I looked at the river a lot this morning. Mostly frozen over, it looked like a weird wasteland. So gray and vast and empty.
Starting my run, everything was wet. Felt wet. Sounded wet. Whooshes and drips and gushing water out of drain pipes. Splashes. It was so humid I thought it was drizzling. Was it?
Ran with Scott downtown again. This must be our new Saturday morning ritual. We ran up the river road, over the Plymouth Bridge, through Boom Island and Nicollet Island, beside the cobblestones on St. Anthony Main and then stopped at the Stone Arch Bridge. The path was slick on the edges, wet in the middle. Hard to believe, but a lot of the snow has melted. I don’t remember much from the run except that it felt difficult. I also remember:
- Feeling the bright sun on my face as we ran across the Plymouth bridge.
- Being slightly annoyed by the flashing light from the sun as I ran by the railing on the bridge.
- Watching our shadows ahead of us as we entered Boom Island park.
- The shshsh sound of soft snow as we shuffled across it on the dirt path in the park. (As I learned last week, this shshsh sound is a sibilant sound. I like sibilant sounds.)
For the past 3 mornings, I’ve been starting the day with some yoga stretches–I’m using a 30 minute video on youtube. I took one yoga class in college but it was mostly meditation and sitting and breathing, not much stretching. Yoga is no joke. I thought I was flexible but I’m not that flexible…yet. I’m hoping that these stretches will help prevent injuries this year.
mississippi river road path, north/south
less than 5% snow-covered
Sun! Warm(ish) air! Clear path! Almost clear lungs! A great morning for a run. Listened to a playlist and floated above the path. Saw my shadow a few times but focused more on the sky–some wispy white with bright blue. The river is almost frozen over. Saw the Daily Walker twice, but both times I approached him from behind, so no “good morning” greetings today. Also saw a few fat tires and a runner running far ahead of me with a glowing yellow shirt and black shorts (of course shorts, it is above freezing after all). Experienced a runner’s high around mile 3: a big smile spread across my body, from my head to my toes, and I felt Joy. Speaking of the runner’s high I was just talking with my son yesterday about endocannabinoids and how they contribute to our feelings of elation. I wrote a poem about it two years ago:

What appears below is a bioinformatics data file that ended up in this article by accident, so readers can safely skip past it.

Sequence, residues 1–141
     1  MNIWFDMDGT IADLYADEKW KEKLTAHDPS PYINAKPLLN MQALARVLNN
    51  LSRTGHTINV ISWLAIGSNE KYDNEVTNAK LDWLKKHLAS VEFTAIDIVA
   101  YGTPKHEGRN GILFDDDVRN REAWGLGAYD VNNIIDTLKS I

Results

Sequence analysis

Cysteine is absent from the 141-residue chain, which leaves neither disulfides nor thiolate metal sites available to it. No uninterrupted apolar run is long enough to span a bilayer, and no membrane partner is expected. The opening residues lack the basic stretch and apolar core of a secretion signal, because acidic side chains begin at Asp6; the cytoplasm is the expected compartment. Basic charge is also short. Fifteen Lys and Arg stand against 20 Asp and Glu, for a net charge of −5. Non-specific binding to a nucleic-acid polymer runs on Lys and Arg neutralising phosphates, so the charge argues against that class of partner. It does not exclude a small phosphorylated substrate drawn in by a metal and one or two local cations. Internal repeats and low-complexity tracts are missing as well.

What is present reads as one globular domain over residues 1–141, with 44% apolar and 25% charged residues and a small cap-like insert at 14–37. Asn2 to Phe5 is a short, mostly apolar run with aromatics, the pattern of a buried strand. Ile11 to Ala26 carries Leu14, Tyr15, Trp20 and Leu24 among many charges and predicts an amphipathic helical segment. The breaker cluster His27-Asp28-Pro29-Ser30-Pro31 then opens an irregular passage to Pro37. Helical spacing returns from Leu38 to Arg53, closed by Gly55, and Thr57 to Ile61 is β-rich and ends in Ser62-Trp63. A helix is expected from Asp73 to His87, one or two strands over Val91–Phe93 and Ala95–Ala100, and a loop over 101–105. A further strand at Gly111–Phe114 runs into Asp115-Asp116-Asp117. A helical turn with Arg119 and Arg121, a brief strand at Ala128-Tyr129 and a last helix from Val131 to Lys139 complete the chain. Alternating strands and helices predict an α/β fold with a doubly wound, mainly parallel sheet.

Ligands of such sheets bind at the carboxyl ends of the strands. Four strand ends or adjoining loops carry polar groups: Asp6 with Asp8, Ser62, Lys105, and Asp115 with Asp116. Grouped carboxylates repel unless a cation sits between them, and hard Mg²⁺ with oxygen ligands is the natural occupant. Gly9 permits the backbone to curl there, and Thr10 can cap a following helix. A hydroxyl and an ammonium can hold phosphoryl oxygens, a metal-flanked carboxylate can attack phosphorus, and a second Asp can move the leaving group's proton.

I See Wonder in the Chemicals
suddenly, without warning I am
effervescent, bubbling over with feeling
sometimes I feel ecstatic
beside myself with joy
beside my shadow with delight
beside the world with reverence and awe
beside my mom with longing, regret, enduring love.
sometimes I feel enormous
if I stuck out my chest
and opened my mouth a bit wider
I could let in the whole world.
sometimes I feel electric
lighting up paths
nothing but pure energy,
a flow of electrons moving through the universe
how to explain these feelings?
are they chemically-induced delusions,
brought on by elevated levels of endorphins or endocannabinoids?
why do we need to explain?
can we bear witness to their wonder,
be curious about their origins and impacts
write about them
experiment with them
propose scientific theories about them
without knowing them?
naming and classifying them?
reducing them to chemicals?
claiming that we own the Truth?
I see wonder in the chemicals
their poetic names
but only when our theories about them
other ways of feeling and being.
I reworked bits and pieces of this poem into other poems. I’m not happy with this poem as it is, but I would like to re-visit and further explore this idea of wonder in the chemicals.
mississippi river road path, north/south
Much warmer today. Bright sun. Beautiful! But running was hard. Since my cold has settled in my chest I can’t take in enough oxygen. Oh well. Even with the difficulty breathing, I enjoyed the run. Glanced down at the river and noticed it was almost all frozen. Heard a dog barking in the gorge. Let my shadow lead me–she loves the sun. Heard a train horn blaring for at least 10 seconds. Saw the shadow of a bird flying overhead. Wondered whether the noise I was hearing by the Lake Street bridge was water trickling, wind blowing or a car driving by. Wiped out my fogged up sunglasses several times. Blew my nose, cleared my throat. Stopped at the halfway point to catch my breath. Tried to keep my shoulders relaxed and my hips high. Encountered a few fat tires, a stroller, some walkers and runners. No Daily Walker. No running groups. Couldn’t smell anything. Felt the warm sun on my face running north, a cold wind on my wrists running south. Can’t remember thinking about much else but breathing. Inhale deeply, slowly, through my nose and mouth.
greenway bridge turn around
2 degrees, feels like -10
Cold! Wouldn’t have minded it except that I have a cold and a bunch of junk in my chest. It was hard to breathe. So I stopped and walked a few times. Still glad I got out there. A beautiful morning without much wind. Listened to the snow crunching under my feet. Right before starting my run, as I was walking, I heard the 2 distinct sounds of crunching snow: the quick snap of the one foot striking and the perpetual grinding of the other foot leaving the ground. I heard these two sounds less when I was running. Much more snapping, less grinding. Noticed the river today–almost frozen. Greeted the Daily Walker-a great omen for 2019.
Learned a new word today: spoonerism. Named after Minister William Archibald Spooner, spoonerism is a term for of wordplay in which a speaker switches the first letters/sounds of words. Like a blushing crow instead of crushing blow or truck fump (or tuck frump) instead of…well, you know. Anyway, I’d like to play around with some spoonerisms in relation to running. Here’s one I just came up with: instead of long run, wrong lung.
Here I am in all of my layers: